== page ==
Date: Special Issue: Guide to All-Grain Brewing

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All-Grain Troubleshooting

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General all-grain Going All-Grain I have read that certain grains can only be mashed while others can be both mashed and steeped. I have found various charts of grain and adjuncts, but none of which explain how the grains must be utilized. I would also like to know how to tell the difference between base

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RIMS and HERMS

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Because our batch sizes are typically small compared to commercial brews, one problem many all-grain homebrewers have is maintaining their mash temperature. Ideally, mash temperature should remain relatively constant throughout each rest. Maintaining a specific temperature helps to control the fermentability of a beer, which in turn affects such qualities as body, finish and residual

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Sour Mashing

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Soured beers are gaining popularity among beer lovers and brewers alike. There are several methods you can employ to create a soured beer. Simple techniques include adding lactic acid to your brewing water or including acidulated malt to your grain bill. More advanced techniques include adding either cultured lactic acid bacteria or Brettanomyces, a mixed

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Cereal Mashing

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Mention the word “cereal,” and most folks think of ready-to-eat breakfast food. To a brewer, cereal is the grain produced by any number of grass crops from Avena sativa (oat) to Zea mays (corn) that has not been sprouted to make malt. Cereal grains make up the greatest quantity and provide the most energy to

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Decoction Mashing

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Almost all modern malts are well modified and respond well to a single infusion mash when an all-malt beer is being brewed. But sometimes you will come across a malt or recipe where a single infusion mash is not appropriate. The mash temperature of a single infusion mash is almost always in the 148–162 °F

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Step Mashing

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Step mashing is a mash program in which the mash temperature is progressively increased through a series of rests. The ubiquity of well-modified malts has virtually eliminated the need to perform a step mash in most situations. So why should you learn more about the process and science behind step mashing? Simple, you can produce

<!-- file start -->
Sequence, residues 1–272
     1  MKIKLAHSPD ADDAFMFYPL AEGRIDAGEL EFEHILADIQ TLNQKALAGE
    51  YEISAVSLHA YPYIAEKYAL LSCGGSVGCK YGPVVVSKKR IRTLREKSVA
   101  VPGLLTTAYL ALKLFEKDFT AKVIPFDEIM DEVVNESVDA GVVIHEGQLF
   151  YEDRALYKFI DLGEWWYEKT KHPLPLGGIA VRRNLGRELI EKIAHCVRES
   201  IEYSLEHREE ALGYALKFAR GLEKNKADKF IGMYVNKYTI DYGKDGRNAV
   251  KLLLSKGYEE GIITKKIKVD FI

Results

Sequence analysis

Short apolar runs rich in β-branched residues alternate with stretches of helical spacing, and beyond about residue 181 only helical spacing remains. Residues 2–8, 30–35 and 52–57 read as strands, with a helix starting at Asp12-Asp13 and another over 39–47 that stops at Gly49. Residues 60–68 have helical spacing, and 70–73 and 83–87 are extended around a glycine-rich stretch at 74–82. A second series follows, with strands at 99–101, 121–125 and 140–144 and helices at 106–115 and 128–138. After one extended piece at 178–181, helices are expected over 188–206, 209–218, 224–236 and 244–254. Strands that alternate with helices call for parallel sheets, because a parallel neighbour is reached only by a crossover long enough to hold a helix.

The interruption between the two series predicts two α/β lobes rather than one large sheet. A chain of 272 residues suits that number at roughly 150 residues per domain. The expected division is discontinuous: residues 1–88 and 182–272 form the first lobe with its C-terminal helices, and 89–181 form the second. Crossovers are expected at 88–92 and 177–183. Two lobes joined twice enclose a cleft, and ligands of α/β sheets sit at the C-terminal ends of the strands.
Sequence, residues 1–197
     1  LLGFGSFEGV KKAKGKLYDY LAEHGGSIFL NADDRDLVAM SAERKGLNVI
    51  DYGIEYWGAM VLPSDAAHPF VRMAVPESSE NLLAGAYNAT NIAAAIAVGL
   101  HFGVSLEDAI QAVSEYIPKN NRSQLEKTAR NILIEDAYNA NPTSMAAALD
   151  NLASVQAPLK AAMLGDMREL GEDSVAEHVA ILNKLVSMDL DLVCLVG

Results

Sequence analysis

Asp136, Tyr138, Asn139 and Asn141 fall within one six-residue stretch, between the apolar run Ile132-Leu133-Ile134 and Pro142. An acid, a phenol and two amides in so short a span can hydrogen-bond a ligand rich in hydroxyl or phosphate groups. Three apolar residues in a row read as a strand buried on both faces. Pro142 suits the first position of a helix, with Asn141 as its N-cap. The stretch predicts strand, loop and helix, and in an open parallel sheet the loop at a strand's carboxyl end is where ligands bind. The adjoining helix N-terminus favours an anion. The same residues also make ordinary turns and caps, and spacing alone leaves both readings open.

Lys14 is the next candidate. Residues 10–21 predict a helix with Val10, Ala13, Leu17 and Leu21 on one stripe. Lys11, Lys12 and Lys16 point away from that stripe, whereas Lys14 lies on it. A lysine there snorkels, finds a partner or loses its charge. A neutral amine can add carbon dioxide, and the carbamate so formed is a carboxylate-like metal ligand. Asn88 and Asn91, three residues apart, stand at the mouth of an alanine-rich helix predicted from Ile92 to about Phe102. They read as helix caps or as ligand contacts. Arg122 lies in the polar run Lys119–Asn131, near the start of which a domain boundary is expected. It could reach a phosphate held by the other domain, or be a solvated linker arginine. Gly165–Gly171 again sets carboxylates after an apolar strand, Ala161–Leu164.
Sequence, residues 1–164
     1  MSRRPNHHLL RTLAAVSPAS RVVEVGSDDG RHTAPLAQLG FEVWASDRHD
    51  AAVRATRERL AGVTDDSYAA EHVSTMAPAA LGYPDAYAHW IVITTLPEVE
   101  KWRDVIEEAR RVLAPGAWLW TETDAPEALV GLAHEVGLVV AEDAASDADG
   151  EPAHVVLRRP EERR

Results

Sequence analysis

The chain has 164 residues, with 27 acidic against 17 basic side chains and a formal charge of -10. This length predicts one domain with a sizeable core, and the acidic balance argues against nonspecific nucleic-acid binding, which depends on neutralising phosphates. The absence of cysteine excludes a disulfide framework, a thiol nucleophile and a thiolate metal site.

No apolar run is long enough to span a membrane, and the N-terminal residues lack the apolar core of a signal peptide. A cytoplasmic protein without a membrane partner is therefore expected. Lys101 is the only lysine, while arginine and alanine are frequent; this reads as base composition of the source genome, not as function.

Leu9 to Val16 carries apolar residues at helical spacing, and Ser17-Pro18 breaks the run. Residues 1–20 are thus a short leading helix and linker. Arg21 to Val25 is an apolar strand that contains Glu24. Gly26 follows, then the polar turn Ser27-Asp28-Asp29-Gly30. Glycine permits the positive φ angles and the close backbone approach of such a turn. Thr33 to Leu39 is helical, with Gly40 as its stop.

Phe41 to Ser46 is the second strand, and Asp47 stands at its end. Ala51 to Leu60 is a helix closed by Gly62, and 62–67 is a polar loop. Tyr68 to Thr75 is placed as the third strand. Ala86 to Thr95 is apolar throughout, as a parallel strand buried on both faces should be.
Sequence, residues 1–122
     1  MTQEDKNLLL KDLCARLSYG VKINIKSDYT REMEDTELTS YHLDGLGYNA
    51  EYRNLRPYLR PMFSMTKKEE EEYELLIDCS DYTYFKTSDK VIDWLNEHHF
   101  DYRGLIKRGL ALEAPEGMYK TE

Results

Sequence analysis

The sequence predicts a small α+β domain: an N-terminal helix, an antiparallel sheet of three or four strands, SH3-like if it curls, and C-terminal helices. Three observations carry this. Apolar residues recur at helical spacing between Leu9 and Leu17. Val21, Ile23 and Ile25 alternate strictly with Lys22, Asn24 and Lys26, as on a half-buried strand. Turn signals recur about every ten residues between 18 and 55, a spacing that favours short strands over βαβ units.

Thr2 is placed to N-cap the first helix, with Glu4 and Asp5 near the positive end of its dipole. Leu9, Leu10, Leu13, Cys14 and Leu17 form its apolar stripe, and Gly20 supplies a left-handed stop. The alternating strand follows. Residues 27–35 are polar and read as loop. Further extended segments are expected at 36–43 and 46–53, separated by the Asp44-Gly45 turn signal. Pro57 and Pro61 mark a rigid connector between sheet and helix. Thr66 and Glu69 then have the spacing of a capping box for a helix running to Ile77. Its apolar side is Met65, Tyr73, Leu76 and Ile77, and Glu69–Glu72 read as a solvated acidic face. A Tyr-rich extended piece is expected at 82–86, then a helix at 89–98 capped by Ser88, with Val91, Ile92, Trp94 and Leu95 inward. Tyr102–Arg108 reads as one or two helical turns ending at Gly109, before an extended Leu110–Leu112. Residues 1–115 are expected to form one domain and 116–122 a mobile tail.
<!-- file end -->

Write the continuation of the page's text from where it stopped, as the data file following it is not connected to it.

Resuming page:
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Lautering Efficiency

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All-grain brewers are always talking about brewing efficiency — how much wort they yield from their mash into the boil kettle. There are two components to brewing efficiency: mashing efficiency and lautering efficiency. Mashing efficiency is all about the conversion of malt starches to sugars. Lautering efficiency is all about the extraction of those sugars

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No-Sparge Brewing

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A quest of mine to brew a flavorful but quaffable session ale was coming up short. I was getting wonderfully high extract efficiencies, near 90%, but my ordinary bitters, milds and Scottish ales were coming out watery and bland. Then I had a homebrew-life-changing experience with an ordinary bitter I judged in the first round

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Batch Sparging

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For homebrewers first getting into all-grain brewing, the terminology, technology and wide variety of methods can be confusing. Simplifying the process, especially for the first few all-grain batches, is important. All of the technical jargon hides two pretty simple steps: Mashing and lautering. Most homebrewers use a single infusion mash, which means you add some

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Troubleshooting a Stuck Sparge

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Tactics for helping your wort go with the flow.

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A Guide to Lautering

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Considering how important it is to the brewing process, lautering (also known as sparging) doesn’t get much respect. Many brewers see it as simply the process of rinsing grains. They give it little thought, rush through it, and curse it if problems arise such as a stuck lauter. But a successful lauter plays an important

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Water Treatments

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Water is the main ingredient of beer. The many different styles of beer we have today evolved for many different reasons, not the least of which is the chemistry of the local water supply where the beer was created. Historically, brewers no doubt experimented with different ingredients and techniques much as homebrewers do today. They

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20 result(s) found.